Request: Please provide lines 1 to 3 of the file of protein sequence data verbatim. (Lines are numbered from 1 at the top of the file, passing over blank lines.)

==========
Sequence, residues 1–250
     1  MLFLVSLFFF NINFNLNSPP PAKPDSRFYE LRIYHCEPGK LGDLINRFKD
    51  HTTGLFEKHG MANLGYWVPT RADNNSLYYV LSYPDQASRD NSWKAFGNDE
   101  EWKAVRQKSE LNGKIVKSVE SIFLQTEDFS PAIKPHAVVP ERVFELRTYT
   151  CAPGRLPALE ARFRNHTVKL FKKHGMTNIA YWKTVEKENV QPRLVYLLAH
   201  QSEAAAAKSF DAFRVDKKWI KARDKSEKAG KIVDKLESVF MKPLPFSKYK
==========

Sequence, residues 1–250
     1  MLFLVSLFFF NINFNLNSPP PAKPDSRFYE LRIYHCEPGK LGDLINRFKD
    51  HTTGLFEKHG MANLGYWVPT RADNNSLYYV LSYPDQASRD NSWKAFGNDE